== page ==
I have been celebrating how far I have come to let go of many of my control freak tendencies, but when they come back in force and I have to deal with them, it's always a little like a slap in the face. I was worried about Jason's safety when he flew home from Las Vegas on Friday night. A storm was developing which walloped us on Saturday and today with high winds, white-out driving conditions, and lots of snow. I have become a nervous flier after a turbulent flight to Edmonton many years ago, and I couldn't shake a feeling that something bad was going to happen on Friday night.
His flight was delayed, and while he was in the air, heavy fog began to gather outside. If he had landed on time, he would've missed the fog, and I wondered what was going on up in the skies. I felt a rush of relief and gratitude when he texted to say he had landed safely and was heading to his car. The snow didn't come until later, so he made it home without incident.
I felt a little silly after my freak-out, but our emotions are strange things. They trick our minds into worrying when we don't necessarily have cause to fear, but emotions aren't rational and can't be treated as though they are. They come on quickly, and we must walk through them to the other side where we can see clearly again, and understand rationally what is really going on. Fear and worry gets in the way of that.
When we all went to bed on Friday night, I felt so grateful for our safety as a family with a storm approaching. We woke up on Saturday and watched the weather develop into the blizzard that had been predicted, and we stayed warm and cozy together, with nowhere pressing to go. It was a wonderful feeling, and I soaked it up like a sponge.
In the afternoon, Jason ran to our local grocery store to get a few things to make pizza for supper. When he came home, he brought a movie by the Coen brothers, A Serious Man, which received lots of Oscar buzz last year but was a film I had zero desire to see. I wasn't very kind about the movie, having asked him to find a comedy for us to watch.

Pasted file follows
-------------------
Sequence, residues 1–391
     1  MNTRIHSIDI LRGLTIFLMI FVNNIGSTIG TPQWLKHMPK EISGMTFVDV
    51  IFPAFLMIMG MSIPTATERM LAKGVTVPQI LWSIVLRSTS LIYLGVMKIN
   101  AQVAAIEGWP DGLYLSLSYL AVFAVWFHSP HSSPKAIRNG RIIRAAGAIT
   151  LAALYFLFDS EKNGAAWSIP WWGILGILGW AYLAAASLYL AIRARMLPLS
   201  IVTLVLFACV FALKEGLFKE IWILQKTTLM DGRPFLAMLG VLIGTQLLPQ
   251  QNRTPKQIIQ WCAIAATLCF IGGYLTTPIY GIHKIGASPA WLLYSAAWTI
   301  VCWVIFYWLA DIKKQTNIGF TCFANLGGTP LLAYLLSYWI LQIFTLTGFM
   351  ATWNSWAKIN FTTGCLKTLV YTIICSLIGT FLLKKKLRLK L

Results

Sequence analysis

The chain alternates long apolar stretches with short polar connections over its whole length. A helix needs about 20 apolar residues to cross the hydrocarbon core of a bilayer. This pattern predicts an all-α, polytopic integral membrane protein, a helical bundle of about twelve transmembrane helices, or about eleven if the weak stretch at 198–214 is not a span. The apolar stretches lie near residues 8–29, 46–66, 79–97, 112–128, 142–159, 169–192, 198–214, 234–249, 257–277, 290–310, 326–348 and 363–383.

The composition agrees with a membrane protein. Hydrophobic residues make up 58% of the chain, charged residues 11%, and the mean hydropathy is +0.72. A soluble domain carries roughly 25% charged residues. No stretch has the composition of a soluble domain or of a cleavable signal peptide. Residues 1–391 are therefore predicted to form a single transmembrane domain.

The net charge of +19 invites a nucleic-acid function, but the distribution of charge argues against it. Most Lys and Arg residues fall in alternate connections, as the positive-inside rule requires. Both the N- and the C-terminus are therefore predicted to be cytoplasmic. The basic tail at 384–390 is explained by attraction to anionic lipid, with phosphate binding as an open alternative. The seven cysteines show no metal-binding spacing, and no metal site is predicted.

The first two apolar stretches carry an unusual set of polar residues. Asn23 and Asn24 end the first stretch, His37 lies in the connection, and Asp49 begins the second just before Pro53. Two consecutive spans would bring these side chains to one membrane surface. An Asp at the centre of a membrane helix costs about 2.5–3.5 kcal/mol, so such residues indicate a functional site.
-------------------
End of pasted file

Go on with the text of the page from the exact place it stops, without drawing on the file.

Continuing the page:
He made pizza, which was delicious as always, and for dessert he made baked apples. I've had these before and wasn't a fan of the mushy texture, and for some unknown reason, I decided to make my opinions on this subject well known around the dinner table. Of course, the kids rode high on my bad attitude and Jason's dessert was ruined by our negativity. He was not impressed with me, and rightly so. If he had been as critical of my movie choice or cooking, I would have been furious.
I took a few minutes to think about it, and realized that it goes back to my preference to be in control. I like to pick the movies, and I like to have meals tailored to my preference. But I am not the only person in this family, or in the world. Jason likes baked apples, and since he was making them, that should have been enough for me.
I apologized, and we were able to enjoy the rest of our evening together. (We only made it through thirty minutes of the movie, then gave up and watched Conan on the PVR, so we ended up with comedy after all). It is surprising to me how fast our moods and feelings can change. In a matter of hours, I swung from unbelievably grateful for Jason's safety to nitpicking about small things and being downright rude to him. This is how human nature works. Thankfully, we have apologies and forgiveness to sew up these wounds we incur in our relationships.
I used to expect perfection from myself, and I don't anymore. I mess up, the same if not more than everyone else, and when I am unkind I can look at the root cause (in this case, my desire to tailor a situation to my needs instead of someone else's) and say sorry when I am hurtful to someone else. It was a good lesson I learned. Perfection is not required, but humility goes a long way to fix something we have damaged unconsciously with our imperfect actions.